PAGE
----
Broadminded x Kim Arnold: Get what you want everytime you hit send
We were delighted to be joined by Kim Arnold, author of 'Email Attraction' who taught us how to make every message count
1. The average white collar workers spends a whopping 52,000 hours emailing - that’s 6 years! Yet 90% of us have never received any guidance or training on writing a good email.
2. Write your subject line at the end - after you’ve tackled the main body of the email.
3. Your subject line is your canapé, or appetiser - your reader needs to feel something to want to read it on; curiosity, excited, a sense of urgency etc.
4. The main body of your email must not be an impenetrable wall of words! You should:
- have a simple, separate first sentence
- 16 words in a sentence at the maximum
- 2/3 sentences per paragraph
- 1.5, or 1.15 line spacing
- font size 12
- embrace the white space!
5. Draft your email in a small window - so many people open their emails on their phone so test to see if they’ll see a bombardment of text, or digestible information.
6. A clear call to action (CTA) is key: ideally ask for one thing, failing that use a numbered list. Be direct with a clear next step and provide a timeframe. For example, ‘Please add your comments to section 4 of the report and return to me via email by close of play on Friday’.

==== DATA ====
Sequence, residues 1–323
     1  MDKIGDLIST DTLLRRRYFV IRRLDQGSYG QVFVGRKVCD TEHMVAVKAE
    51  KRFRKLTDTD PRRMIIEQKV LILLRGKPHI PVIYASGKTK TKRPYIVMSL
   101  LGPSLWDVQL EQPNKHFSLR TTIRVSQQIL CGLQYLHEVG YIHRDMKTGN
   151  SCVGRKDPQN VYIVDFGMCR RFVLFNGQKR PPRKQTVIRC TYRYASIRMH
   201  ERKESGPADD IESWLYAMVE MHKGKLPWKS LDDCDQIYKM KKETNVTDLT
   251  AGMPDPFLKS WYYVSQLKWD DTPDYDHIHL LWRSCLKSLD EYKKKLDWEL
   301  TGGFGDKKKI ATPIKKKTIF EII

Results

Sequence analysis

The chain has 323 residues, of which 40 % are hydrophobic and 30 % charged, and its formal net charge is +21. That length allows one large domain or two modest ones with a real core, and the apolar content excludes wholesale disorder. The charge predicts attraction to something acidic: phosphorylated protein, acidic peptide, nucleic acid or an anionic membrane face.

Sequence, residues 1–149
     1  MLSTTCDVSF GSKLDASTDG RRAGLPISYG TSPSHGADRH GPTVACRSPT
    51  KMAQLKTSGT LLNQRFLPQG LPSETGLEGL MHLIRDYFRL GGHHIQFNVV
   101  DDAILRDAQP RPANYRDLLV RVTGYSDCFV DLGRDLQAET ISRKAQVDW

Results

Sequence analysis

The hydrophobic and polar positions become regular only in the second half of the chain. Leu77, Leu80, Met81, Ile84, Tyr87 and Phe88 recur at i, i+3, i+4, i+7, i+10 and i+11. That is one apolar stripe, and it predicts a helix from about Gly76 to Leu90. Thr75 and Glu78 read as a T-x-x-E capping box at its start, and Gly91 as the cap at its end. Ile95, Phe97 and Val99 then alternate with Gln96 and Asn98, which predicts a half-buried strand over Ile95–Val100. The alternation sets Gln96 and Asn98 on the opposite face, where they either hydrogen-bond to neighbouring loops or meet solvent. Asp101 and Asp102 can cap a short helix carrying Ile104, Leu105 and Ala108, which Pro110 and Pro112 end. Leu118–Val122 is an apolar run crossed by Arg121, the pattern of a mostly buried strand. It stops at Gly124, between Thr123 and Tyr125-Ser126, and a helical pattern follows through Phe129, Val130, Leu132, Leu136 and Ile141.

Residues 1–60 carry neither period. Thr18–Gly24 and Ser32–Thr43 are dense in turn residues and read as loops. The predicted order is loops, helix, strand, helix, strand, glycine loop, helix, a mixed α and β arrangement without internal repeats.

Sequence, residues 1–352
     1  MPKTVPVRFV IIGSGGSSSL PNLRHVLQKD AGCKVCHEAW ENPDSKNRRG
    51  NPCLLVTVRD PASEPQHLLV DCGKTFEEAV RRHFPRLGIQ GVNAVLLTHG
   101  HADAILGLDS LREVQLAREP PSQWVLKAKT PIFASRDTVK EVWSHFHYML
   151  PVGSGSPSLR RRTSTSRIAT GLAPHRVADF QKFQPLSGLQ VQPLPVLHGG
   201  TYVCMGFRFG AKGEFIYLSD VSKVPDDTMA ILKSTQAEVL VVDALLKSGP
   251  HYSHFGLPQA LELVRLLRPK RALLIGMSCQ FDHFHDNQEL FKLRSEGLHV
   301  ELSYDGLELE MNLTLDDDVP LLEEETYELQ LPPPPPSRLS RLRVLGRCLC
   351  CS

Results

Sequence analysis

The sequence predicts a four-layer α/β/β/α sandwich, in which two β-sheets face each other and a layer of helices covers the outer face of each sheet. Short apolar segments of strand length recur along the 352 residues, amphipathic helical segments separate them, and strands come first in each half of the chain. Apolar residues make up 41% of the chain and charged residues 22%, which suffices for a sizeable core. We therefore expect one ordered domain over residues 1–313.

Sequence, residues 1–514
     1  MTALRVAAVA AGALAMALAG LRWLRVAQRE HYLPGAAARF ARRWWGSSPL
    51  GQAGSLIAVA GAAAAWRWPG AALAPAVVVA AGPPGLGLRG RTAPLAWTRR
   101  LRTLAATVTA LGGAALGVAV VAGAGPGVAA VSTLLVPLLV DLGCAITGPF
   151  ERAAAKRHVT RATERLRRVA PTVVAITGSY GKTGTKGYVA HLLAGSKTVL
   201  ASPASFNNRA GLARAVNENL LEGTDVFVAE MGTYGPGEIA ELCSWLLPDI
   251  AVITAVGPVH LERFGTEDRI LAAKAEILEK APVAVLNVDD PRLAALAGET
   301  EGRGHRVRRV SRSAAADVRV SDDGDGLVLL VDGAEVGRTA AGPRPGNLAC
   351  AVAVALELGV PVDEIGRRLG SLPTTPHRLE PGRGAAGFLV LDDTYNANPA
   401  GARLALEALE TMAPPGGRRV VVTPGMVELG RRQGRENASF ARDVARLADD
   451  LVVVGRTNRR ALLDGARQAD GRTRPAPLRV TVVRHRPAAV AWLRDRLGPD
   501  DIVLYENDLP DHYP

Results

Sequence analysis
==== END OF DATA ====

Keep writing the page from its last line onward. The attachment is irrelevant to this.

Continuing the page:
7. Emojis can be useful to give clear meaning to some words, but can also appear flippant so be aware of your recipient and subject matter; the same goes for exclamation marks.
8. It’s understandable to want to do an email ‘cull’ when your inbox is overwhelmed and they’re over a certain age but don’t delete them. Rather why not mark as ‘read’ and put them in an archive folder?
9. If your email has been ignored, don’t just resend it! It didn’t work the first time so why would the same email work a second time? Reread it: was it clear? did it provide a CTA with a timescale? Redraft it before resending it and avoid passive aggressive language such as ‘as per my last unanswered email...’
10. And finally, no-one needs a generic sign off in their signature - for example ‘Kind Regards’. Do you really want to sign off in the same way to every person you email?